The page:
By Paul Dvorak, Editor
Windpower Engineering & Development
Most wind-turbine OEMs continually focus on improving the equipment in their nacelles. The engineers at Lagerwey have taken their responsibilities further with a few ideas for a better tower and a clever tower-climbing crane that trims construction and maintenance costs. Unfortunately, the company does not market in the U.S. so you might think its home country of Holland is trying to keep the company a secret.
Let’s change that perception with a “walk-through” that starts in the nacelle. The L136 is a 4.5-MW direct-drive design that sports a permanent-magnet generator so it needs no troublesome gearbox. Generator efficiency hits about 97%, says the company, at full and partial load because there is no need for magnetizing currents and their associated losses. The generator contains few moving parts, so it is said to wear slower than conventional wind-turbine generators.
Another plus for the design: the generator needs no cooling system. The thermal path between the heat source and cooling fins on the outside is as short as possible, so the design uses the natural air flow around the generator to match its cooling needs.
The torque density (an indicator of output per weight, Nm/kg) of the latest generator is higher than conventional direct-drive generators because the magnetic topology uses permanent magnets. This results in a smaller generator diameter with relatively low mass because it needs less active material. The high partial-load performance has an important role in the turbine’s overall energy capture because the turbine spends most of its time in wind speeds that produce less than the rated power.
The company says the design is suitable for sites with high turbulence and significant differences in vertical wind shear. Example locations would be coastal areas with severe wind conditions or inland locations where forests or buildings produce speed differences from the lowest to highest tip height.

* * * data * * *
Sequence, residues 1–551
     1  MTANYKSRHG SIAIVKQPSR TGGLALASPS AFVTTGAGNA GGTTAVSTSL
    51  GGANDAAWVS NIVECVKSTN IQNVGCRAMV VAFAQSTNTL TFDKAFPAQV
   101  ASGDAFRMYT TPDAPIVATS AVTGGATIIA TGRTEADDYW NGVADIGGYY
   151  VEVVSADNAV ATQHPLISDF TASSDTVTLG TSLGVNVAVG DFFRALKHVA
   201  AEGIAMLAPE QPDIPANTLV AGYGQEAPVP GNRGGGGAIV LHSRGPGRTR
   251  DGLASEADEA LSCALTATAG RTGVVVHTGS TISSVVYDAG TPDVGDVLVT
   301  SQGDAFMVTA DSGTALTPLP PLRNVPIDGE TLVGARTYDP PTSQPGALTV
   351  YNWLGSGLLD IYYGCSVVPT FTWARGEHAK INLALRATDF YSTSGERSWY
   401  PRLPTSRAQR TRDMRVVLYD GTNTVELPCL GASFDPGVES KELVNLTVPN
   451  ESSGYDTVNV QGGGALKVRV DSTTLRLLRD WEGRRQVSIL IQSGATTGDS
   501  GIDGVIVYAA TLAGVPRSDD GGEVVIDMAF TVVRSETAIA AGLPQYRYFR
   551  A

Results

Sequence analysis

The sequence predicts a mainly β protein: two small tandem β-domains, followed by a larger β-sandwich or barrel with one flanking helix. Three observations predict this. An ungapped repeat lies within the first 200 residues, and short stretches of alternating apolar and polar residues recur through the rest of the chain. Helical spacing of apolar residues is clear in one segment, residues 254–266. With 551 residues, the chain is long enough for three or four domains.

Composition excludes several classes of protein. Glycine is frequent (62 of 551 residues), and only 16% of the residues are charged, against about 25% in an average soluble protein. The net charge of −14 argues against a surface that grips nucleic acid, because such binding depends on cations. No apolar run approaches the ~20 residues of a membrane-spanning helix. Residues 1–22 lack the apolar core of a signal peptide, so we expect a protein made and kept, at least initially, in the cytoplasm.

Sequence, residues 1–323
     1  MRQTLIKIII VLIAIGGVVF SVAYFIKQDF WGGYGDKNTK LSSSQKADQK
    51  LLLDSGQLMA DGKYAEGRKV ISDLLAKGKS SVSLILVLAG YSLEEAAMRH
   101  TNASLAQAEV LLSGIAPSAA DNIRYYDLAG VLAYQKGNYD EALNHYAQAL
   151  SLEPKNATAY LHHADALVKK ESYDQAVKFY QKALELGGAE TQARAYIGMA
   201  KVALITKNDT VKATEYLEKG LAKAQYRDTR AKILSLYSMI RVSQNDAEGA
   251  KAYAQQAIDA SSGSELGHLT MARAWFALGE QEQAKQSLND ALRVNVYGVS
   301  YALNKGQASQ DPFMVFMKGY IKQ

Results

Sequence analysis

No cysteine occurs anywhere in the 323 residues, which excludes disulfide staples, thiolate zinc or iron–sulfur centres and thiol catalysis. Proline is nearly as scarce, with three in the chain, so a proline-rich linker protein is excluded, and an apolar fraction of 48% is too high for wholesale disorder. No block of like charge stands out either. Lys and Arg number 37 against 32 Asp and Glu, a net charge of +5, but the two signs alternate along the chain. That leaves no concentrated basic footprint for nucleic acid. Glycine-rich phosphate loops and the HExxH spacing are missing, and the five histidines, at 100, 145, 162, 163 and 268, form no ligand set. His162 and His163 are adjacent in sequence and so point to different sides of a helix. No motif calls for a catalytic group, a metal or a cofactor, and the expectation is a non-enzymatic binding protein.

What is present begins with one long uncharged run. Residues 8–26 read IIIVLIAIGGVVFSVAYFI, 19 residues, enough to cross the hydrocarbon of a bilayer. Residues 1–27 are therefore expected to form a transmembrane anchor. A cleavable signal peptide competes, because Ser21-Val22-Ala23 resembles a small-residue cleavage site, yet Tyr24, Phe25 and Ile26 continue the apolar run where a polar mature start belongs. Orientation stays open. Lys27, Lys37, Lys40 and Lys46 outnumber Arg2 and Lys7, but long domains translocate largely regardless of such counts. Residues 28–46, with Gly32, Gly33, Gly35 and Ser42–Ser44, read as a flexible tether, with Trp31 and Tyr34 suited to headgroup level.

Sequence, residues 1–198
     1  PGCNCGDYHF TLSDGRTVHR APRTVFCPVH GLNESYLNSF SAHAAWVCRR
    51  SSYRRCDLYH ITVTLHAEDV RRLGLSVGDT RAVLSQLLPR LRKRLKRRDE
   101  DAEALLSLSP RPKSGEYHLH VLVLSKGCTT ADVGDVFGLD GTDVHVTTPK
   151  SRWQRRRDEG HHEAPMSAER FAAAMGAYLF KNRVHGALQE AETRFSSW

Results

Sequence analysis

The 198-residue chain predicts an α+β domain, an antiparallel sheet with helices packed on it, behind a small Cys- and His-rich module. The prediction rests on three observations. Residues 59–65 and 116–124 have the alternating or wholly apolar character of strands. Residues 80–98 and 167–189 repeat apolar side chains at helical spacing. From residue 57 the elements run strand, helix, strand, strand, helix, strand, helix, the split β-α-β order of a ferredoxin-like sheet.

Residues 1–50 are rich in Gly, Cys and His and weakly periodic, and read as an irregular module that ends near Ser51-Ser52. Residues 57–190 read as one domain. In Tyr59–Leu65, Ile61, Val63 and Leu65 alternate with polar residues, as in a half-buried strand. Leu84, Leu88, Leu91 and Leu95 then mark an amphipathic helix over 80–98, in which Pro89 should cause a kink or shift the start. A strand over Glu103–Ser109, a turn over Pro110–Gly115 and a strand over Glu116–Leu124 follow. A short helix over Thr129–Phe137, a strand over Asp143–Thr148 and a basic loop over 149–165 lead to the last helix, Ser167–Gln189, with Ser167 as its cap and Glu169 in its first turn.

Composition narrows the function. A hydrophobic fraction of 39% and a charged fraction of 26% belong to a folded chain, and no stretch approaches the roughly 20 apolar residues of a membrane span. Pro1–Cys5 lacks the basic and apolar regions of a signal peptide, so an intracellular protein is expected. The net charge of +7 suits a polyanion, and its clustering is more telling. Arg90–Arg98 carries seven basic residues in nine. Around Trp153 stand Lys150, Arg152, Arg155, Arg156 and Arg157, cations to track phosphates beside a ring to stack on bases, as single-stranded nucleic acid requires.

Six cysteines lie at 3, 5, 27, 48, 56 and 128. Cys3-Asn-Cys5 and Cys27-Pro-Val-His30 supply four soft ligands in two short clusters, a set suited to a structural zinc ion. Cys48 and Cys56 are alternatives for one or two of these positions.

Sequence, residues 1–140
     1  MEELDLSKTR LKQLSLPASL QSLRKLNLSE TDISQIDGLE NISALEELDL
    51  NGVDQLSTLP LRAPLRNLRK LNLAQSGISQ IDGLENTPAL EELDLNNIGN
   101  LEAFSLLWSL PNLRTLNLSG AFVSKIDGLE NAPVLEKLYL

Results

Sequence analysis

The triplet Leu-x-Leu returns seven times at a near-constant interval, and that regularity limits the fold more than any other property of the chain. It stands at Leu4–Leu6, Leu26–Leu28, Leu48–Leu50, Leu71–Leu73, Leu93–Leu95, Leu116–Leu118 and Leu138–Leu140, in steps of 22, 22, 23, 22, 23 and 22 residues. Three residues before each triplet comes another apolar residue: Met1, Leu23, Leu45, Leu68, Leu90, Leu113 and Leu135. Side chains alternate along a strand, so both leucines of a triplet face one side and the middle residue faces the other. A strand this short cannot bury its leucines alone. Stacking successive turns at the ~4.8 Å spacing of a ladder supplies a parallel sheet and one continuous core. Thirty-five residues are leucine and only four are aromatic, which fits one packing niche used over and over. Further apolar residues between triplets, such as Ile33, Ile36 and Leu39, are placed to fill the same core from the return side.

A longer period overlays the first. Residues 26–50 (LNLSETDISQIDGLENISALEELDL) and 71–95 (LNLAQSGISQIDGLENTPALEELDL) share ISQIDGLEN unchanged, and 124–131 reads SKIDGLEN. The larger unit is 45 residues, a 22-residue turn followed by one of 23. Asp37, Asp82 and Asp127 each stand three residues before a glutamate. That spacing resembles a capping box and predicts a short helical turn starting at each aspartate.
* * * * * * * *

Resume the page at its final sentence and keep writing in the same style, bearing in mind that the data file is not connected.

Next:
The tower is less conventional than the direct-drive generator. It allows heights up to a remarkable 166m. The Modular Steel Tower or MST consists of steel plates assembled at a project site, which can be built higher than conventional towers and at lower costs.
The MST also weighs less than conventional towers, which reduces transport costs. When compared to a concrete tower, shipping costs are cut by 90% according to Lagerwey.
Furthermore, the 166-m tower transports with little concern for existing infrastructure such as underpasses. (Read about the world’s tallest wind-turbine tower here, and more on a U.S. designed modular tower here.)
A few other standard features include a service lift, rescue module gondola, and a method for noise reduction. Options include obstruction lights, ice management, and cast-shade regulation.
A clever company-designed crane can climb the tower to install its upper sections, and presumably the nacelle as well. The crane ‘climbs’ on connection points mounted on the MST. Lagerwey says the design simplifies the wind turbine’s installation and allows higher wind turbines at challenging and remote locations where conventional high-lift equipment would be difficult to maneuver.
The Climbing Crane transports on only three standard trailers and without special escort. At the construction site, roads need no reinforcement. Normal requirements for transportation of wind-turbine components are sufficient.
For assembly, the crane needs only about 350m2 and is typically operational within a day. What’s more, a similar design suitable for tubular and concrete towers is also under development by the Lagerwey R&D team.
Of course, each wind project and its location is unique and has its own challenges. So for those who prefer old-school methods, Lagerwey says its wind turbines can be assembled with regular hoisting cranes.
The Dutch manufacturer adds that it has been developing wind turbines for 37 years and has more than 1,200 units installed worldwide.
Filed Under: News, Turbines